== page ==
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What should you know about the Parrotfish (Scaridae)?

All marine life lovers must be very keen to know interesting facts about all the species residing in marine life. Today, in this article, we will talk about one such species with very distinctive traits and is very beautiful, the Parrotfish. They are a group of 90 species that belong to the Chordata phylum and Actinopterygii class. Their binomial name is Scaridae. The exceptional richness of this species is found in the Indo-Pacific. Parrotfish play a prime role in the procedure of bioerosion. So, learn more.

Physical features of the Parrotfish

Parrotfishes are long and elongated fishes with blunt heads and deep bodies. The bright colouration of their body catches the eyes of the photographers and the artisans. They have large scales with characteristics of a bird, and they possess a beak formed from the fused teeth of the jaws. 

The main use of the beak is to scrape off the Algae in the deep waters and chisel out the soft and tender part of the coral from the coral reefs. The length of the Parrotfish ranges from 1.2 m [4 feet], and their average weight is 20 kgs [45 pounds]. The male fish is green and orange in colour, whereas the female ones are blue and yellow. 

Habitat of the Parrotfish

The Parrotfish is mostly found in the Western Atlantic from Florida, Bermuda and the Bahamas. They stay in deep contact with coral reefs at depths from 3 to 25 m. The young Parrotfishes take shelter in the mangroves. These species are very important to the Parrotfish as they provide safe food and a secured shelter against predators. 

Diet of the Parrotfish

Parrotfishes are generally herbivores and only consume microscopic organisms and sponges. Dead algae are considered their favourite food, and it is mainly found in the corals released by the reefs. The way Parrotfish eat their food is very peculiar. They use their strong teeth to break and crush the tough materials. 

Behaviour and temperament of the Parrotfish

The Parrotfish is a very social species seen scavenging for food in groups. These groups consist of females who are submitted to one single male. They make groups of about forty specimens who together look for food in the bed of coral reefs. In some situations, the group is led by a male Parrotfish, commonly known as the Super Male. The super male is those females who have reversed their sex.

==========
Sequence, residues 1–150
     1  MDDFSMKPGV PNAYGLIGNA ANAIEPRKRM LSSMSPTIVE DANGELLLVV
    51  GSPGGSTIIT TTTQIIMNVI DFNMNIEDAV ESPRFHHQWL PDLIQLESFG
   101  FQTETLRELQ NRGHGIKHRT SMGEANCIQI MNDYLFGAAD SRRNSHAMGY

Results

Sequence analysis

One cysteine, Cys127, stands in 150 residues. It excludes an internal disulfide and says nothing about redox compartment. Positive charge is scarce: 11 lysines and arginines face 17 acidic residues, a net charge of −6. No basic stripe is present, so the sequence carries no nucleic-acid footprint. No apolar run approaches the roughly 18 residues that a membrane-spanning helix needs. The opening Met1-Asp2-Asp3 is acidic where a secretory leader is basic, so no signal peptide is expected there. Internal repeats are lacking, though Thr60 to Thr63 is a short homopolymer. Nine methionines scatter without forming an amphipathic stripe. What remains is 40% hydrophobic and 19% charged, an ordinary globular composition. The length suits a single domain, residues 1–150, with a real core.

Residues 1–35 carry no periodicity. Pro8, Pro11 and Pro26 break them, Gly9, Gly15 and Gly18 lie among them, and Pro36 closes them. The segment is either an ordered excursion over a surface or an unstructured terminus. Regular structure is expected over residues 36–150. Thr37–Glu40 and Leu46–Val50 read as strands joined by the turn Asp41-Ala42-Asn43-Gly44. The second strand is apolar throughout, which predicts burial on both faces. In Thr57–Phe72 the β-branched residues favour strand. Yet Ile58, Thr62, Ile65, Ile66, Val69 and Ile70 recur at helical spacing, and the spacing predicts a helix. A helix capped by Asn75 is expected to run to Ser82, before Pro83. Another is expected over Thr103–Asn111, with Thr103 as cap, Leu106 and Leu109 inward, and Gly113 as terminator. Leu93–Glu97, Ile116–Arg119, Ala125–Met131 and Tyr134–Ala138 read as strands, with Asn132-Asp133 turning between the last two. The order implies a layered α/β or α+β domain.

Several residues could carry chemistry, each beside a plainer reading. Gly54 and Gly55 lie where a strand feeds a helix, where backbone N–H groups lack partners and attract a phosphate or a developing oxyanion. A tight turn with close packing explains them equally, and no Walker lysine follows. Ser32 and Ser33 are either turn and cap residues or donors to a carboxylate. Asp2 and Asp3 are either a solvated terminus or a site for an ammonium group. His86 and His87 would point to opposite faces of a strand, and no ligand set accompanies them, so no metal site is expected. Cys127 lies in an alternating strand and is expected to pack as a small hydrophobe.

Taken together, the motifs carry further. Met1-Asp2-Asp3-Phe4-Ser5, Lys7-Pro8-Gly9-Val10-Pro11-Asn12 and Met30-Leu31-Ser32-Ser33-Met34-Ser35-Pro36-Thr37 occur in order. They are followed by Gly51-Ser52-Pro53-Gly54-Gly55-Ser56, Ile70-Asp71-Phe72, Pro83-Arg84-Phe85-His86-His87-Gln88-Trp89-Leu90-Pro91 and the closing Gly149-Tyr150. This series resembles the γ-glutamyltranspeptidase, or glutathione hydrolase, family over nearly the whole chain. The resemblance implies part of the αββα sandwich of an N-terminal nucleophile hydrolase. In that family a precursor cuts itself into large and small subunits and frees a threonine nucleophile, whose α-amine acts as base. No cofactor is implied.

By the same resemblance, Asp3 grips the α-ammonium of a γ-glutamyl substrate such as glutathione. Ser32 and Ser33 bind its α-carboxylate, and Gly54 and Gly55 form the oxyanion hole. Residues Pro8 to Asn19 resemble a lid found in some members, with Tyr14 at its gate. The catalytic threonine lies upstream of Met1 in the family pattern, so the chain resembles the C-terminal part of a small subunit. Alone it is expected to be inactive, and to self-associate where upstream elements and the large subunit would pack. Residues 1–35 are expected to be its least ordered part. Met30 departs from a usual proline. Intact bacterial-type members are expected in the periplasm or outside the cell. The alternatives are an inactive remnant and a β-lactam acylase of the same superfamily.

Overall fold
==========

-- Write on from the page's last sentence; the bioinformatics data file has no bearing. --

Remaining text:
They are very territorial. The young Parrotfishes are seen swimming alone when adults begin to swim using their dorsal fins. Mostly all the Parrotfishes are extremely territorial, but some are even nomadic, too, who do not defend any specific territory. 

Breeding and mating

Parrotfishes are pelagic spawners. The male Parrotfish joins in the group and grabs the attention of the female Parrotfish with the help of its bright colouration of the body. The spawning generally occurs during sunset time. These species come in groups in some specific areas of the ocean and then distribute their eggs once they are fertilised with the help of the ocean currents. When the eggs hatch, the larva of the fish floats in the epipelagic area near the water surface. 

When they cross the length of 12 cm, they are regarded as young Parrotfish and settle down to the depth of the reefs underwater. They are only able to reproduce when they exceed 60 cm in length. Considering these factors, the replacement of Parrotfish is slow. 

Adaptation of the Parrotfish 

The Parrotfish has two natural predators. Moray Eel and the Reef Shark are the two predators who eat Parrotfish. Predators such as sharks, snappers swim past the Parrotfish without eliciting any kind of reaction. This misleads the Parrotfish and eventually becomes the prey of these groupers. 

Facts about Parrotfish

The Parrotfish is one of the fascinating species of fish. Their teeth are composed of fluorapatite, one of the world’s hardest biominerals, and it is much harder than copper, gold and silver. It uses pectoral fins to swim through the water. The group of Parrotfishes is led by a super male who gets this position by reversing their genders. In some cases, the Parrotfishes change their gender in one lifetime. 

Their growth rate is comparatively faster than other species, and their average lifespan is 5 to 6 years. However, the larger ones grow very slowly, and their life expectancy reaches up to 15 years. It is also seen that some parrotfishes migrate to particular regions to reproduce in large spawning aggregations. 

The bottom line

The Parrotfish is among the most distinctive species. They are extremely brightly coloured and look like a bird. They also play a significant role in the coral reef ecosystem. When they scrape Algae, they use their teeth to rip the small chunks. This helps in bleaching the corals and provides room for the growth of new corals. Some Parrotfishes even build a transparent cocoon made of mucus secreted from glands in the gills. So, they are quite interesting.